Scientists nationwide launch first projects on new NCAR supercomputer
Derecho system deployed to study wildfires, hurricanes, and other phenomena
Jul 5, 2023 - by David Hosansky
Jul 5, 2023 - by David Hosansky
CHEYENNE, Wyoming — The National Center for Atmospheric Research (NCAR) has launched operations of its newest supercomputer, providing scientists across the country with a major new tool to advance understanding of the atmosphere and other Earth system processes.
The supercomputer, named “Derecho,” is a 19.87-petaflops system, meaning it has the theoretical ability to perform 19.87 quadrillion calculations per second. That is about 3.5 times the speed of scientific computing performed by the previous NCAR supercomputer, Cheyenne, and represents the equivalent of every person on the planet solving one calculation every second for a month. Derecho is also the first NCAR supercomputer to include a significant number of graphics processing units (GPUs), with 382 NVIDIA A100 GPUs providing 20% of its sustained computing capability.
Scientists across the country are starting to use Derecho to study phenomena ranging from wildfires and hurricanes to solar storms. Their findings will help better protect society from environmental disasters, lead to more reliable projections of long-term weather patterns, and improve weather and climate predictions that are needed by vulnerable communities and critical sectors of the economy such as agriculture and transportation.
Derecho was built by Hewlett Packard Enterprise (HPE). It was installed earlier this year at the NCAR-Wyoming Supercomputing Center (NWSC) in Cheyenne, where it has undergone months of testing.
The new supercomputer is so energy efficient that it will use only about 40% more electricity than Cheyenne – which is itself highly energy efficient – despite being 3.5 times faster. This is partly because GPUs can deliver more computing power for less energy than traditional central processing units (CPUs), and they are also particularly effective for newly developed artificial intelligence and machine learning techniques.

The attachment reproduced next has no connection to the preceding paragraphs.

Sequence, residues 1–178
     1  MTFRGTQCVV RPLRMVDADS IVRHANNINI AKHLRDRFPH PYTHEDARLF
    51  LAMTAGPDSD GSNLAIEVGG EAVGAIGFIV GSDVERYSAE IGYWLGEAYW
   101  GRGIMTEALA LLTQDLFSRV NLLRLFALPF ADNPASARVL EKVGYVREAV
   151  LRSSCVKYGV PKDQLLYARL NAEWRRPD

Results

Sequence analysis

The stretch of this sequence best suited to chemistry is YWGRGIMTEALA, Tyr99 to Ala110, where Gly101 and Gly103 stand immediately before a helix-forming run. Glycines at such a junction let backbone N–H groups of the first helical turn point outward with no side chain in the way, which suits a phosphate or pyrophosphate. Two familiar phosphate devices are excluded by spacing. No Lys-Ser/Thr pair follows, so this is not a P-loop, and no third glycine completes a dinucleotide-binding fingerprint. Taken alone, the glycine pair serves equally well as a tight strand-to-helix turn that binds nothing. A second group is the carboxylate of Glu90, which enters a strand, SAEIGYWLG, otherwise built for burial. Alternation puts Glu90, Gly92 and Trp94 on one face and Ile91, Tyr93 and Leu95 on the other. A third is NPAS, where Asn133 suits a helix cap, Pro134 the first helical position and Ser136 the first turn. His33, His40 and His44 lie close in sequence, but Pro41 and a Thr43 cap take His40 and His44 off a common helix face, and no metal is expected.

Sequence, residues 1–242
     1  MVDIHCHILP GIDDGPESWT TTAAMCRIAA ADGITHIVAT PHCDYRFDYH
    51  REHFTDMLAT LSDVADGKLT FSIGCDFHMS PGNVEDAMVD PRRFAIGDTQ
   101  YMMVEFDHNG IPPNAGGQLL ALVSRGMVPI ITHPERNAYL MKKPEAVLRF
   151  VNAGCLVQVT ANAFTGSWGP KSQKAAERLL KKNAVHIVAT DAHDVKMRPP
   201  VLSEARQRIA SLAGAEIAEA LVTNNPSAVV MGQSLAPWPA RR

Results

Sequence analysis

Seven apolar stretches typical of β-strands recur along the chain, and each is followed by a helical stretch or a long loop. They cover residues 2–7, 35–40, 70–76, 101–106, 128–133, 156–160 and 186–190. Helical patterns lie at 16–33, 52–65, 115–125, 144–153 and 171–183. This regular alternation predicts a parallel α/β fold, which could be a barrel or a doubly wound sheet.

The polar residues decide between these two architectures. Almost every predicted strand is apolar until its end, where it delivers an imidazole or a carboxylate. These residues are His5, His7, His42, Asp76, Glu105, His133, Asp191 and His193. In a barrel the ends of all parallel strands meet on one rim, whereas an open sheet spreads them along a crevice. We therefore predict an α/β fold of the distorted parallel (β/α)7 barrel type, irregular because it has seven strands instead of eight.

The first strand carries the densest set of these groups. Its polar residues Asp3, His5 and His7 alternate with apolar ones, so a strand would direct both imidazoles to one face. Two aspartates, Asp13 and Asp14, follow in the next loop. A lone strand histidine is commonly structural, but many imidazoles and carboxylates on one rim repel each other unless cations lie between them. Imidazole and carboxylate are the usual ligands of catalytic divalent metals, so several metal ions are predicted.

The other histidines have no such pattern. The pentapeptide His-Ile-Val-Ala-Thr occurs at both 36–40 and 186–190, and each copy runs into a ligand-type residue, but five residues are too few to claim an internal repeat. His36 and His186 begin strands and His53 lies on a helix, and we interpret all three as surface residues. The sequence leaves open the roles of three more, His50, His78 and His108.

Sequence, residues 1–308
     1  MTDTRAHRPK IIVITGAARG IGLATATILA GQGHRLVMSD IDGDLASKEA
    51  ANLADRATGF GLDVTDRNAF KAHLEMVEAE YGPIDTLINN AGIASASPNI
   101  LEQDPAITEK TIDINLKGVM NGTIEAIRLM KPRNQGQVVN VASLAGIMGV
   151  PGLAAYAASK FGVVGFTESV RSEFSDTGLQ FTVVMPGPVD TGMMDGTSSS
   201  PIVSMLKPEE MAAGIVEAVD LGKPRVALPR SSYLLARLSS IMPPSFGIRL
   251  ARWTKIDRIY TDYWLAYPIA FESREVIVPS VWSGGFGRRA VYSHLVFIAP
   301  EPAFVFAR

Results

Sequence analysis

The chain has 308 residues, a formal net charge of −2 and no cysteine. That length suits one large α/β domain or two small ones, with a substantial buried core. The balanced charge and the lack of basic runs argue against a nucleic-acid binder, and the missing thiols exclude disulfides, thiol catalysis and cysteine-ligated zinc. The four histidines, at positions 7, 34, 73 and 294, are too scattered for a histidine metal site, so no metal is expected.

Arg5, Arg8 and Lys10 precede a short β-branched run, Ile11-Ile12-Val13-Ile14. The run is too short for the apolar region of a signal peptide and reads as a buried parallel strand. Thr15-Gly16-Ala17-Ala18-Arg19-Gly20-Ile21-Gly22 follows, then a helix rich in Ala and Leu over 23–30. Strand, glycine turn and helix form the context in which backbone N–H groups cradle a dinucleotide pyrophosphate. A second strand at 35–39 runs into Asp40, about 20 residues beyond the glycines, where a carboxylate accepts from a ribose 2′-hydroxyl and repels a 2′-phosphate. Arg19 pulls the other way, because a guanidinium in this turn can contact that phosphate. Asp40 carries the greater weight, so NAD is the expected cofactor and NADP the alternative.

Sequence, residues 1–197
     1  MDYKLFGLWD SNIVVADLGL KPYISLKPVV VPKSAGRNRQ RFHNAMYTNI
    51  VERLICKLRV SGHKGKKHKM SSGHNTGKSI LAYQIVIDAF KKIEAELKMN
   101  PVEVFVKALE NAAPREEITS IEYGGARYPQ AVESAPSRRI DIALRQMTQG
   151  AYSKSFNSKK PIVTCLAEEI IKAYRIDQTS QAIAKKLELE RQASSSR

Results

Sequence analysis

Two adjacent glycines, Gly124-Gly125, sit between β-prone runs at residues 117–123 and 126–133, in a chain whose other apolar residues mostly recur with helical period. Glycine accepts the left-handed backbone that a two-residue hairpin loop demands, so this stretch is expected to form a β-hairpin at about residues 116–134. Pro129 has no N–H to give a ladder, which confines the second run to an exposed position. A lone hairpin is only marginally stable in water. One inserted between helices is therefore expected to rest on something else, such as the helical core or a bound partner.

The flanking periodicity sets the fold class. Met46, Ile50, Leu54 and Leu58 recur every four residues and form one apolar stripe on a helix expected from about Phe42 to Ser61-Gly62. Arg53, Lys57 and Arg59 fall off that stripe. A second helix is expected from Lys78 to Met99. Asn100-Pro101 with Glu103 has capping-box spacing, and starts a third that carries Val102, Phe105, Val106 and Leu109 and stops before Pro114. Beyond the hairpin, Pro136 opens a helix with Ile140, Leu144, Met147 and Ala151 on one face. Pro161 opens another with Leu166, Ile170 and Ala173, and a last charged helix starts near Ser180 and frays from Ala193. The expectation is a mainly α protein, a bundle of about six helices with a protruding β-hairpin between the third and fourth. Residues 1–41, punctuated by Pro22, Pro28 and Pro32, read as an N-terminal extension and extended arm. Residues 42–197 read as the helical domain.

“We are very pleased that Derecho has passed through the testing phase and is beginning operations,” said Thomas Hauser, interim director of NCAR’s Computational and Information Systems Laboratory. “This new system provides us with a major boost in supercomputing performance and is an invaluable asset as the nation’s scientists work to better understand the Earth system.”
Funding for Derecho, which cost about $35 million, came from the U.S. National Science Foundation (NSF). The NWSC is funded by NSF and the state of Wyoming through an appropriation to the University of Wyoming.
Derecho will initially be used for a set of 15 projects by scientists at NCAR as well as at universities across the country. These comprise the Accelerated Scientific Discovery (ASD) program, which provides a unique opportunity for large-scale computational projects to have nearly exclusive use of new NCAR high-performance computing systems for a few months. Derecho will be open to additional projects by the scientific community later this summer.
Some of the ASD projects include:
Climate change in the West and the Arctic. Scientists are applying a technique known as downscaling to create an ensemble of detailed computer simulations showing how climate is likely to change at very fine scales across the western United States. This novel approach, led by Alex Hall of the University of California, Los Angeles, will help reduce uncertainties about future climate and provide researchers with an important data set at a time when the West is contending with unprecedented water shortages, fire weather conditions, and heat extremes. Another team of scientists, led by Keith Musselman of the University of Colorado Boulder, is producing a set of climate simulations to strengthen understanding of changes in Arctic hydrology and potential impacts on rivers, fish, and Indigenous communities in Alaska and the Yukon. That research is being guided by an Advisory Council of Indigenous leaders and representatives,